These articles demonstrate various
applications and utilities of DIFFRACT.
They have been recently published in
Optics & Photonics News


  1. The Ronchi Test by M. Mansuripur: In this centennial of Vasco Ronchi's birth it seemed appropriate to devote one of these columns to the well-known method of testing optical systems that he developed in the 1920's. Published in Optics & Photonics News, 42-46, July 1997.

  2. External Conical Refraction by M. Mansuripur: Internal conical refraction happens when collimated beam of light, upon entering a biaxial birefringent crystal, spreads out into a hollow cone and exits the crystal slab in the form of two concentric cylinders of light. The case of external conical refraction, which, in a way, is the same phenomenon in reverse, is the subject of this article. Published in Optics & Photonics News, 50-52, August 1997.

  3. The Faraday Effect by M. Mansuripur: Michael Faraday (1791-1867) was born in a village near London into the family of a blacksmith. His family was too poor to keep him in school and, at the age of 13, he took a job as an errand boy in a bookshop. A year later he was apprenticed as a bookbinder for a term of seven years. Faraday was not only binding the books but was also reading many of them, which excited in him a burning interest in science. Published in Optics & Photonics News, November 1999.

  4. Projection Photolithography by M. Mansuripur and Rongguang Liang: Photolithography is the technology of reproducing patterns using light. Developed originally for reproducing engravings and photographs, and later used to make printing plates, photolithography was found ideal in the 1960s for mass-producing integrated circuits.

  5. Launching Light into a Fiber by Masud Mansuripur: A typical single-mode silica glass fiber has a mode profile that is well approximated by a Gaussian beam. At l=1.55mm, this Gaussian mode has a (1/e2 intensity) diameter of ~ 10mm. Published in Optics & Photonics News, August 2001.

  6. Omni - directional Dielectric Mirrors by Masud Mansuripur: An omni-directional dielectric mirror (also known as a one-dimensional photonic bandgap crystal) exhibits 100% reflectivity at all angels of incidence and for all states of incident polarization. Published in Optics & Photonics News, September 2001.

  7. The Uncertainty Principle in Classical Optics by Masud Mansuripur: In the classical electromagnetic theory the wave-vector k=(2p/l)s underlies the Fourier space of propagating (or radiative) fields. The k-vector combines into a single entity the wavelenth l and the unit vector s that signifies the beam's propagation direction. Published in Optics & Photonics News, January 2002.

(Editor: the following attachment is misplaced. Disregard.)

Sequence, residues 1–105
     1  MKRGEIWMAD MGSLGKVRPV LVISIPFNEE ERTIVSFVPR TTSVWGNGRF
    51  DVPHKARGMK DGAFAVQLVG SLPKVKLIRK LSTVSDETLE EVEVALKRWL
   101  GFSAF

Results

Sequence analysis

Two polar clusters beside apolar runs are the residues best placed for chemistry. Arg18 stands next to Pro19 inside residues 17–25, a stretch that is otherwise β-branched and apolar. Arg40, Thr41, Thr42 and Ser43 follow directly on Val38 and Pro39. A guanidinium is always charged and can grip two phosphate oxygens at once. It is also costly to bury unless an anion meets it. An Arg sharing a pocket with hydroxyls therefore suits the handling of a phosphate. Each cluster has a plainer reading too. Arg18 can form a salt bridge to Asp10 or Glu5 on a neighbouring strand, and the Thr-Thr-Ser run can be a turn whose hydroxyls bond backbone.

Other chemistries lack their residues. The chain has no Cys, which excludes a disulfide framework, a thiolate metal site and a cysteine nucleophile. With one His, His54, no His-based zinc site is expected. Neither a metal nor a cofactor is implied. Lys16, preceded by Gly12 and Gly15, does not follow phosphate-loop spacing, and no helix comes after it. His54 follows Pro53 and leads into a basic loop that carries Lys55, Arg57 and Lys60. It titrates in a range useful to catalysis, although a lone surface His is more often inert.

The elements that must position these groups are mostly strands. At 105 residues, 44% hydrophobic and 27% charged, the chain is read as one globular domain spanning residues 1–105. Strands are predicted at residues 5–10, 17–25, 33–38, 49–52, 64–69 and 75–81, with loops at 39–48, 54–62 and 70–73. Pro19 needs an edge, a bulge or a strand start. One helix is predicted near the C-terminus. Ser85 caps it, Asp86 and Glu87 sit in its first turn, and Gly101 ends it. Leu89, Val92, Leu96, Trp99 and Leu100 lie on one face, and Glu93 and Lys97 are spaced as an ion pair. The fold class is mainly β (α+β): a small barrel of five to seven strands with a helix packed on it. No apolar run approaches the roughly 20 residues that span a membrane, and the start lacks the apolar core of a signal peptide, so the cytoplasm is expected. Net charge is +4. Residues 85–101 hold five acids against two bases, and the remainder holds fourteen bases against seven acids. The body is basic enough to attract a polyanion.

8. Doppler Shift, Stellar Aberration, and Convection of Light by Moving Media by Masud Mansuripur: The characteristics of a beam of light emanating from a source in uniform motion with respect to an observer differ from those measured when the source is stationary. In general, it is irrelevant whether the source is stationary and the observer in motion or vice versa; the observed characteristics depend only on the relative motion. Published in Optics & Photonics News, April 2002.

  9. The Optics of Semiconductor Diode Lasers by Masud Mansuripur and Ewan M. Wright: In this article we describe the basic features of the beam of light emitted by a diode laser, and discuss methods to analyze and manipulate this beam. Published in Optics & Photonics News, July 2002.

  10. Interaction of Light with Subwavelength Structures by Masud Mansuripur, Armis R. Zakharian, and Jerome V. Moloney: When a light field interacts with structures that have complex geometric features comparable in size to the wavelength of the light, it is not permissible to invoke the assumptions of the classical diffraction theory, which simplify the problem and allow for approximate solutions. For such cases, direct numerical solutions of the governing equations are sought through approximating the continuous time and space derivatives by the appropriate difference operators. Published in Optics & Photonics News, March 2003.

  11. Transmission of Light Through Small Elliptical Apertures,

    by Masud Mansuripur, Armis R. Zakharian, and Jerome V. Moloney: The apertures of classical optics simply block those parts of an incident wavefront that fall outside the aperture, allowing everything else to go through intact. Moreover, multiple apertures act upon an incident beam independently of each other, polarization effects are usually negligible (i.e., scalar diffraction), and it is not necessary to keep track of both the electric- and the magnetic-field components of the beam. Published in Optics & Photonics News, March, April 2004.


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